A systematic review has been conducted to assess the efficacy of nutritional support for improving clinical outcomes in hospitalised adult patients at risk of disease-related malnutrition. It was already known that roughly 30% of patients in Western European hospitals may be at risk of such malnutrition.
All of the 244 trials considered by the authors were judged to have a high risk of bias. Only low-quality evidence, at best, was discovered for the effects of nutrition support on: (i) reducing mortality and serious adverse events, (ii) achieving an increase in weight by the end of treatment in hospital, or (iii) improving health-related quality of life.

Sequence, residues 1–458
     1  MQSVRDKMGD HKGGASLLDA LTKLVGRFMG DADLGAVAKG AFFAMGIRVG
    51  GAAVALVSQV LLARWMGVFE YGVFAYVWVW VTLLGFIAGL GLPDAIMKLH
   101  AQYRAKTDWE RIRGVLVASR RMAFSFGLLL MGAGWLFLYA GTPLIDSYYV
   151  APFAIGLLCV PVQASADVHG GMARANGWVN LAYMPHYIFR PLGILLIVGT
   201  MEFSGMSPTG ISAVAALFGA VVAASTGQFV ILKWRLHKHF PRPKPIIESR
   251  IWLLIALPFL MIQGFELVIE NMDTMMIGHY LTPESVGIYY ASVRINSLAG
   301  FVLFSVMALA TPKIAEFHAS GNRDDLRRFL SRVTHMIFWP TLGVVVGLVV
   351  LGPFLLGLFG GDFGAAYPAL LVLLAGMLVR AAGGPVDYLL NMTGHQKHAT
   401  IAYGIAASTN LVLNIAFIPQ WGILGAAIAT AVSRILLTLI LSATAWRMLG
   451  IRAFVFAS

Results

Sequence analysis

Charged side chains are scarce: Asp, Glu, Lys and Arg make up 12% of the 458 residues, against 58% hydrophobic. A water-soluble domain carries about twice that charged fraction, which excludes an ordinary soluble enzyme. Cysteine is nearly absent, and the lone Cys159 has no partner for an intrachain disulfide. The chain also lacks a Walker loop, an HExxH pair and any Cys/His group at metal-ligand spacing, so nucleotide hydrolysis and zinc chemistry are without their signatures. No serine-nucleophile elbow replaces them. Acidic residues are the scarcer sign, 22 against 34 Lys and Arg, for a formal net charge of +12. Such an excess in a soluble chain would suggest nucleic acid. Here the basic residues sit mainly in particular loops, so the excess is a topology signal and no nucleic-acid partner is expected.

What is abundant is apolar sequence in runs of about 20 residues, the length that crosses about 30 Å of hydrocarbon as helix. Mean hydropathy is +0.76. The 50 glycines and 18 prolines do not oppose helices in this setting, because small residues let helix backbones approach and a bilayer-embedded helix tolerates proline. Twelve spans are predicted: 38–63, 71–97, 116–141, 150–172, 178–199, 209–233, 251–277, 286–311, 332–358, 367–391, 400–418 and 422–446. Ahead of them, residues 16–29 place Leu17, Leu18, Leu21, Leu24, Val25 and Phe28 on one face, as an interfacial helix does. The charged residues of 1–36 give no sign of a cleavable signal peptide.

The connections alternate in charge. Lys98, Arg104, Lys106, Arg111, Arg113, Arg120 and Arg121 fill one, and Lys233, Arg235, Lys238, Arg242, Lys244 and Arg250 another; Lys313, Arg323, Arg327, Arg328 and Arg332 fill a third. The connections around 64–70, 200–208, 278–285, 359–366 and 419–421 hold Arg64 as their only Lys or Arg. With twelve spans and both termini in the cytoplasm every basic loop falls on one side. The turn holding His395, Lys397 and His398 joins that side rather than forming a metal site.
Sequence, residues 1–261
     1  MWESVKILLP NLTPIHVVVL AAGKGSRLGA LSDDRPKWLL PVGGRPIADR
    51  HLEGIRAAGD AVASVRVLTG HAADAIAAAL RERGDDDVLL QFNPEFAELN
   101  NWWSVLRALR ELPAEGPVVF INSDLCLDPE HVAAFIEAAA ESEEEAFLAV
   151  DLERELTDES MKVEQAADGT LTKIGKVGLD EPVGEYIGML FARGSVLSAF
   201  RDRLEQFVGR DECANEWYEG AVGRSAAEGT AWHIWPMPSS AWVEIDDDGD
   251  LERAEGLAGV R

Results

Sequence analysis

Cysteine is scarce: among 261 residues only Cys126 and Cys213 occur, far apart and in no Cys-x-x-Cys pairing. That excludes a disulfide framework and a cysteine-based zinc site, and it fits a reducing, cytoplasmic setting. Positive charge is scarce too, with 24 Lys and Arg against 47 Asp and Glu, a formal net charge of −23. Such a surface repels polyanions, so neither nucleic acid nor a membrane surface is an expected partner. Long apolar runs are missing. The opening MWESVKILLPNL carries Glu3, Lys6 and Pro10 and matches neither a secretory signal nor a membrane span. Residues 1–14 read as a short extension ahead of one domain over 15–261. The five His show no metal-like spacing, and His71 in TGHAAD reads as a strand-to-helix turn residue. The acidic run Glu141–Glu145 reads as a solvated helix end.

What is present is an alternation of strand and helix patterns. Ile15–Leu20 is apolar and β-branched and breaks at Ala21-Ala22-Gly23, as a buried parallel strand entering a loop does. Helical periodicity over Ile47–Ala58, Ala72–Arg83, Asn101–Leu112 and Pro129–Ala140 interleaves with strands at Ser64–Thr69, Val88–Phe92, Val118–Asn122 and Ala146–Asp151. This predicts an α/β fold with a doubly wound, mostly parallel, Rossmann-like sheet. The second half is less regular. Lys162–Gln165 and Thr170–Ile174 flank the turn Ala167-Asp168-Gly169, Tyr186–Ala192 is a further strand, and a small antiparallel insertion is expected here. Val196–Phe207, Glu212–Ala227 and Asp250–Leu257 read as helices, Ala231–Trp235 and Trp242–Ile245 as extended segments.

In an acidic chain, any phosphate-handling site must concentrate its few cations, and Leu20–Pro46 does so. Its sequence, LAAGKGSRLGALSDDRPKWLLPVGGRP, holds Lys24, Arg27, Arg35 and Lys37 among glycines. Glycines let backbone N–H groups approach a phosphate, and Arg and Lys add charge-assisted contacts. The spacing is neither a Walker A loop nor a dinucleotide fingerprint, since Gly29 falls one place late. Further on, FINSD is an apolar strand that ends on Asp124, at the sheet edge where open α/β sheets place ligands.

The reviewers recommend further research of higher quality to help address basic uncertainties about cause and effect, and to help determine the true scope for nutritional interventions in improving patient outcomes:
“ ..being malnourished may be associated with a severe underlying disease. In this case, specific interventions aimed at improving their nutritional status would not help, as it would not be the poor nutritional status, in itself, that caused the increased risk of death or of experiencing a serious harm”.
Feinberg, J. Nielsen, EE. [and] Korang, SK. [et al] (2017). Nutrition support in hospitalised adults at nutritional risk. Cochrane Database of Systematic Reviews. May 19th 2017; 5: CD011598.
There is also an Executive Summary.